But there’s the rub, at least in this case: Here, Apple’s customer — the entity to which it arguably owes some loyalty and whose trust it does not wish to betray — is the San Bernardino County Department of Public Health (Farook’s employer), which owns the iPhone in question. The SBCDPH has consented to the government’s search, and apparently it agrees with the FBI that Apple should create and implement the software that would disable its iPhone’s “auto-erase” function (which would in turn make it possible for the government to find the passcode through “brute force” searches). In this case, therefore, Apple’s concerns would appear to be misplaced — which in turn argues in favor of the reasonableness of the order.

Apple quite understandably emphasizes the fact that “the government has filed multiple other applications for similar orders, some of which are pending in other courts,” and that “state and local officials [have] publicly declared their intent to use the proposed operating system to open hundreds of other seized devices.” Presumably, in some or all of those other cases, Apple’s customers do not wish for Apple to disable their iPhone’s “auto-erase” functions, which would, arguably, be a betrayal of the implied promises of security that Apple sold to them. Apple’s “unreasonableness” argument under the AWA would have much greater force in such a case.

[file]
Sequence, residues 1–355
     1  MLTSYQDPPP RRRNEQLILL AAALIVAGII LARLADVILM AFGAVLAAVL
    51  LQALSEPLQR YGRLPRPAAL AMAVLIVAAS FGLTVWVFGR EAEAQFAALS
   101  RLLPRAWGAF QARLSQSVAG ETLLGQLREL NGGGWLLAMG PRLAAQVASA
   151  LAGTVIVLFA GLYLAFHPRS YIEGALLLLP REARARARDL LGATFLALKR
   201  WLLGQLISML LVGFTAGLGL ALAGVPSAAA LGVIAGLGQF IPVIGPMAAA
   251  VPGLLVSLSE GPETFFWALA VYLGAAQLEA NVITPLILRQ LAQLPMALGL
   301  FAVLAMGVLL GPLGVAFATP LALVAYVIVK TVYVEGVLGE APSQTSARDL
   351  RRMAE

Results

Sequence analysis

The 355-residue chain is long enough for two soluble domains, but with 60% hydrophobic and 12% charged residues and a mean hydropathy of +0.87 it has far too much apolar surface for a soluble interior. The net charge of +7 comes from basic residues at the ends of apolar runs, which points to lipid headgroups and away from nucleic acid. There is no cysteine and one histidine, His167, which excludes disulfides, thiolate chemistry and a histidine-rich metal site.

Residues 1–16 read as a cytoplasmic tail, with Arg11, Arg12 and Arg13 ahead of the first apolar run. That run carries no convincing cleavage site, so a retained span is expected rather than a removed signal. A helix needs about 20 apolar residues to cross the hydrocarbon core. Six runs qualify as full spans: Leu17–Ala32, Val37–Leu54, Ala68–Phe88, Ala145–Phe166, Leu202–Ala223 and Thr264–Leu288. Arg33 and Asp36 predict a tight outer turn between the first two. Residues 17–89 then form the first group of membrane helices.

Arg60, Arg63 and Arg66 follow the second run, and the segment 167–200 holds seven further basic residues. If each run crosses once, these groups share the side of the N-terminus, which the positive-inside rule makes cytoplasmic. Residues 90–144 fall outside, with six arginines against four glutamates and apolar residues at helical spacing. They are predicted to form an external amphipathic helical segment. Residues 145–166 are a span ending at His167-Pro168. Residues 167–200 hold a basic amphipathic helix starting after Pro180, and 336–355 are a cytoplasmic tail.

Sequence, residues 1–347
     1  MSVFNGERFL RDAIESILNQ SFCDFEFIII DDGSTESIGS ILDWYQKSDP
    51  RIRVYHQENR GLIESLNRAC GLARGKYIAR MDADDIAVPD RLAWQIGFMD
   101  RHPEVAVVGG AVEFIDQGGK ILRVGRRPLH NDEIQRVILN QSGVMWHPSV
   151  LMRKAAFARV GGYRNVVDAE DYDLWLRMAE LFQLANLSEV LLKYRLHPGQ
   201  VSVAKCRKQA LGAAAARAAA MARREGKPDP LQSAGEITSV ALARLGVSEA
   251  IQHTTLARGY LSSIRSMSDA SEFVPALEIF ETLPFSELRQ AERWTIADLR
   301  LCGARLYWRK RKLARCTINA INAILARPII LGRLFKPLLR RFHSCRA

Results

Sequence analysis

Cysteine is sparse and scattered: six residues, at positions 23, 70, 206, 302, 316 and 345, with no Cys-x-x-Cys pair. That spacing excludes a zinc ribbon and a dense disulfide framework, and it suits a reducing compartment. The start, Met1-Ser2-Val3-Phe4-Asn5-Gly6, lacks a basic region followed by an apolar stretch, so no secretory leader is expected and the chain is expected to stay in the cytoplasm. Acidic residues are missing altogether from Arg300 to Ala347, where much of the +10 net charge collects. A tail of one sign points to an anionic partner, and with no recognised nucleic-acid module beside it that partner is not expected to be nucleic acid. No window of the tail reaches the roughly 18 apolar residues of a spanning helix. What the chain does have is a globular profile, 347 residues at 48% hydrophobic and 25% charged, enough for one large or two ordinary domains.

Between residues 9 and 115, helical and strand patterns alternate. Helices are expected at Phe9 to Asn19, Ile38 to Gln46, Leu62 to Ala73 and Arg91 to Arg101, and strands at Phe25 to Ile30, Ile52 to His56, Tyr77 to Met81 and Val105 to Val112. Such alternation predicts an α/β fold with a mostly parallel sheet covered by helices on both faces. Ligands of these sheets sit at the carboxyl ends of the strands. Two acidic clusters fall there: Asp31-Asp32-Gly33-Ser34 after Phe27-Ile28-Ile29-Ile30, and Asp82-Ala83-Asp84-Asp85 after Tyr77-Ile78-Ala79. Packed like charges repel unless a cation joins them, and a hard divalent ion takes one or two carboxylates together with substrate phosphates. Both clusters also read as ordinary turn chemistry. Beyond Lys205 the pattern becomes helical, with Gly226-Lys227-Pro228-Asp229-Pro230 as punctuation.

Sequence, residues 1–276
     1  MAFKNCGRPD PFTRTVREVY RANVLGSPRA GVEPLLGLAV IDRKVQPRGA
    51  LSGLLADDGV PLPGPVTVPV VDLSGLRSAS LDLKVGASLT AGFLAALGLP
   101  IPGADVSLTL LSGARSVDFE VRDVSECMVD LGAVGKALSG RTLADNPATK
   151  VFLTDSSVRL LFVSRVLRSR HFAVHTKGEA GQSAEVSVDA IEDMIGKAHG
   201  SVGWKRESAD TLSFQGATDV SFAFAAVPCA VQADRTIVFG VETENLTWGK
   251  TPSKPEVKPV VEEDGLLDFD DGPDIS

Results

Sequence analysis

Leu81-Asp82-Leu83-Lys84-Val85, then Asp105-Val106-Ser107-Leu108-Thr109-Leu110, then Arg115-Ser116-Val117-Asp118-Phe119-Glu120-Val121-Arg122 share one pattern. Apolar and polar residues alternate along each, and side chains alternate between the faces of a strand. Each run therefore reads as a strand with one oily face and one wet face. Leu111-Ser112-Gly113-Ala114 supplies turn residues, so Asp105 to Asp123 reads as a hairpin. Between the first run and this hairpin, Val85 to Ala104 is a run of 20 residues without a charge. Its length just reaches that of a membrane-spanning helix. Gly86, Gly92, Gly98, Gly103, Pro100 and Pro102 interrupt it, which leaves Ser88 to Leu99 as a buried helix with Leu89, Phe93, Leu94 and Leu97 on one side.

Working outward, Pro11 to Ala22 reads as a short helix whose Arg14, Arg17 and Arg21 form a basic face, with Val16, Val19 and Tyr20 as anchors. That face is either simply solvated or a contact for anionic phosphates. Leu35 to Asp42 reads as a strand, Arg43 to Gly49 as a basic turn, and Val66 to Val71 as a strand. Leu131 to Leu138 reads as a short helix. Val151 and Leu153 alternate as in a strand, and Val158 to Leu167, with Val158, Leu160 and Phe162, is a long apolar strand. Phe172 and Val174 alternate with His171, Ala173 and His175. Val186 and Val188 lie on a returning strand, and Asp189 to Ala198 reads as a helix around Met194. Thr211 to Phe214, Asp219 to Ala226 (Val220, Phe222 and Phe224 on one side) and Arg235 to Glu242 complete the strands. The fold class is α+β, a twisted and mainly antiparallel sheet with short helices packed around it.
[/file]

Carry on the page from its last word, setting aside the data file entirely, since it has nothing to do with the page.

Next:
The court’s order in the San Bernardino case, however, could be limited — both by its terms and in its precedential effect — only to those cases in which the iPhone owner wants Apple to disable the auto-erase function, so that the owner itself can get at the information on the iPhone, which it is lawfully entitled to access in the first instance.